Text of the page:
Even though they're more liberal, standard party rhetoric about Social Security and Medicare just doesn't motivate them.
The American electorate has undergone fundamental demographic changes over the past 20 years that will continue for the foreseeable future. These changes -- in particular, the growth of the millennial generation -- will result in a significantly different landscape for the two parties in 2024 and have a consequential impact on policy-making and governing.
Some have argued that the growth of groups that are more favorably inclined toward the Democratic Party (nonwhites, millennials, unmarried women, professionals, the nonreligious) will inevitably lead to a long-term Democratic majority. When it comes to millennials, this is true to an extent -- but there are important caveats that make the eventual outcome less certain. Events on the ground matter, and the actions taken by the two parties over the next dozen years will exert a heavy influence over how this group votes in 2024.
In 2008, 48 million millennials (those born between 1978 and 2000) were eligible to vote, and 25 million actually did. By 2020, the first year in which all millennials will be eligible, those numbers will about double, to 90 million and 52 million respectively. Millennials will make up more than 35 percent of the electorate in 2024, up from 20 percent in 2008, and about the same percentage of the electorate currently made up by baby boomers. The 25 million millennials who voted in 2008 went strongly Democratic, giving President Obama 66 percent of their vote and House Democrats nearly as much, at 63 percent.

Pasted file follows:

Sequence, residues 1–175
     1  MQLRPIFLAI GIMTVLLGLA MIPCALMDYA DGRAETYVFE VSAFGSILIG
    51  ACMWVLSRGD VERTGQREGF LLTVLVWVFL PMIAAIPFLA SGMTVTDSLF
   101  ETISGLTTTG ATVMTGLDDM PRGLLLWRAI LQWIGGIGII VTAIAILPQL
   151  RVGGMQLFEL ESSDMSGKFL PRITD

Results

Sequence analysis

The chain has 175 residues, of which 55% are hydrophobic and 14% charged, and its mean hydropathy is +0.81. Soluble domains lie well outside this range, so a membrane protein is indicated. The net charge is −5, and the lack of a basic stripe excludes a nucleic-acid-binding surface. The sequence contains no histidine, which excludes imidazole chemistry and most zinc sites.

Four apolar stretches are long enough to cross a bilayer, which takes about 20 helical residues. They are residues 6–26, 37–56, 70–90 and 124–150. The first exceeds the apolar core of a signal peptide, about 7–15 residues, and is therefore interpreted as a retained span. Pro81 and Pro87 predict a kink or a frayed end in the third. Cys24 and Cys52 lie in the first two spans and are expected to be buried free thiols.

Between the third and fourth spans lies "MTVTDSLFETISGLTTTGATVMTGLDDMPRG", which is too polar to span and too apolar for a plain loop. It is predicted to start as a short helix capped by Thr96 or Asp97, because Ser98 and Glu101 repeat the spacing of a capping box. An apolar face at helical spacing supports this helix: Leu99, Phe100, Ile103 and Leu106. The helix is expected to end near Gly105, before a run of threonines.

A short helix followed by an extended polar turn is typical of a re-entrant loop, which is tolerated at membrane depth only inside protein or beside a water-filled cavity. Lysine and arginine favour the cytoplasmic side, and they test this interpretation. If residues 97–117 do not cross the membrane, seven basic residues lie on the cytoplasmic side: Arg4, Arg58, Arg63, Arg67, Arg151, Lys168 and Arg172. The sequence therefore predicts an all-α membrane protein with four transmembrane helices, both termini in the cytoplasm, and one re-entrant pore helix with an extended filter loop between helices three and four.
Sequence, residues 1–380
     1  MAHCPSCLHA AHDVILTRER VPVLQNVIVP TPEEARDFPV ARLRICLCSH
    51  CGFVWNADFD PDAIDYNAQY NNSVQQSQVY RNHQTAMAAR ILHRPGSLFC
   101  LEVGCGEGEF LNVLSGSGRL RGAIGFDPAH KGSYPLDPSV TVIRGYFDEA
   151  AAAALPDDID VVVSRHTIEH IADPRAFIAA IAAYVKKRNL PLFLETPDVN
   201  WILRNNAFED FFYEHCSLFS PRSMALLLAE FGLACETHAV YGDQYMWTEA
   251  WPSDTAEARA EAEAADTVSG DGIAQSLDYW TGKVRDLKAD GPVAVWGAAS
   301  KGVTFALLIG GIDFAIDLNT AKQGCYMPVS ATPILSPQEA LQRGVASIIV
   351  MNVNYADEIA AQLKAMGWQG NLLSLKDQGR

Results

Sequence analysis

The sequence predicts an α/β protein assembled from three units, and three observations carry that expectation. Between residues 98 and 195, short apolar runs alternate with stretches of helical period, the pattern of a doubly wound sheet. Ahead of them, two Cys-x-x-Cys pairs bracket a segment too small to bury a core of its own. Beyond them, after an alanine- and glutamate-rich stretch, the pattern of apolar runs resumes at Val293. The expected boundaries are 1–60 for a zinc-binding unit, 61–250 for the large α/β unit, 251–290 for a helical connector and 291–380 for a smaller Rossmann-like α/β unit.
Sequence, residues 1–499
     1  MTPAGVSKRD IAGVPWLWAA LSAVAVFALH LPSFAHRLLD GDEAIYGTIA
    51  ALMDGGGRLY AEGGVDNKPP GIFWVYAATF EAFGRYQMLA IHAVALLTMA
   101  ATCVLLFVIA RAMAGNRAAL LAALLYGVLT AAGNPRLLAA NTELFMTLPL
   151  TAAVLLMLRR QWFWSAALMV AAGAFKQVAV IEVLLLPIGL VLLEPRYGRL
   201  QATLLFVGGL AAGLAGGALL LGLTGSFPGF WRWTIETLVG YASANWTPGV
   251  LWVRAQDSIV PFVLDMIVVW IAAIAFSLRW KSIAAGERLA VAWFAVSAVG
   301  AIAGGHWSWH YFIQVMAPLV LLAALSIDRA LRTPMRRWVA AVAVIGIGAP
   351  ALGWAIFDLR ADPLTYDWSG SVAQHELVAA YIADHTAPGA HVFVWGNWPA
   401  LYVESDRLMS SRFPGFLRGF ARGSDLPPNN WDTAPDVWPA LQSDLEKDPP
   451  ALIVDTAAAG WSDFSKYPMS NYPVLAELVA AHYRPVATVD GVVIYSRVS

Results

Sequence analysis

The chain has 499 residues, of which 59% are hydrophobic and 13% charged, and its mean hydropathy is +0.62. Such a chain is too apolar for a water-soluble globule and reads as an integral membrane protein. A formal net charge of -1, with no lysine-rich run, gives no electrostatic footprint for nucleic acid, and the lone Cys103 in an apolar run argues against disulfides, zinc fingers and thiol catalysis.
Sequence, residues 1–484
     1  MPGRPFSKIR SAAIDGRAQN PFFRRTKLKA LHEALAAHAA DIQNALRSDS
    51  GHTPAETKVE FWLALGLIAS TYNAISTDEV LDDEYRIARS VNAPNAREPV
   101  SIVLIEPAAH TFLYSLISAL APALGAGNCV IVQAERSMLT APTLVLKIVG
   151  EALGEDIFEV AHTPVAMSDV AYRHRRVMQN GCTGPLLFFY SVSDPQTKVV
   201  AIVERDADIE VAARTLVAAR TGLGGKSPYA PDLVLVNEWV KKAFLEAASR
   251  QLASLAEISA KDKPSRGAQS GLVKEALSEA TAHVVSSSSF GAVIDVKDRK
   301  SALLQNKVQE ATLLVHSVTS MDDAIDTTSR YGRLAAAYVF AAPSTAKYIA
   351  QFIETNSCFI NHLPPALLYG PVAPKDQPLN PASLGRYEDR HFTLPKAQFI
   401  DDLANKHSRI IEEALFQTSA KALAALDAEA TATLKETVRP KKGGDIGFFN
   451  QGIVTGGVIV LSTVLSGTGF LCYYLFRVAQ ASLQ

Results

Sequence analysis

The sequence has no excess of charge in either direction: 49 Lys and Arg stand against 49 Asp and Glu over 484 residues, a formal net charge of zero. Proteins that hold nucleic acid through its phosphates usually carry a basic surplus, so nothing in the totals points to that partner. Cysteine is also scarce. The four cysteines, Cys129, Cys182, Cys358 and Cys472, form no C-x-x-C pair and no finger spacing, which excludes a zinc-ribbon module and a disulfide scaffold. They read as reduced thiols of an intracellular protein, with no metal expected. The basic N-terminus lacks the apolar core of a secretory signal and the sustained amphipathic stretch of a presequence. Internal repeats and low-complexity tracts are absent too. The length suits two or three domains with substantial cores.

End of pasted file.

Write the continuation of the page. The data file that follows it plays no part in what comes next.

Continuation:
- Ruy Texeira: Demography and Its Discontents
- David Frum: Can the GOP Evolve?
- Christine Todd Whitman: The Center Must Hold
But this support for Democrats dropped significantly in 2010, to 55 percent. And while other 2008 Obama base groups such as nonwhites and unmarried women have seen their level of support for Obama's re-election return to 2008 levels after a 2010 drop-off, recent polling shows that millennial voters' enthusiasm still lags. Fifty-eight percent of these voters self-identified as Democrats in 2008, but that was down to 50 percent at the end of 2011 -- the largest decline of any age group.
What explains the drop? This group was hit particularly hard by the economic downturn. And while they continue to lean Democratic, their high expectations for Obama combined with a perceived lack of progress on the economy has clearly dented their once overwhelming allegiance to the Democratic Party -- at least temporarily. But how is that likely to change over the next 12 years?
There is little doubt that millennials are generally much friendlier to Democrats than Republicans. They are more likely to identify as liberals and are much less religious than older generations. They hold far more progressive views on social issues. More than 60 percent support gay marriage, and they are much more supportive of legalizing marijuana, promoting racial justice, and restricting guns, among other issues. Just as important, millennials are dramatically more supportive of a larger and more activist government (56 percent support a bigger government with more services, versus 41 percent of all adults), and they show the most support of any age cohort for President Obama's health-care bill, for environmental regulations, and for alternative energy. They are much more supportive of immigration and immigrants, and much less supportive of American exceptionalism in foreign policy.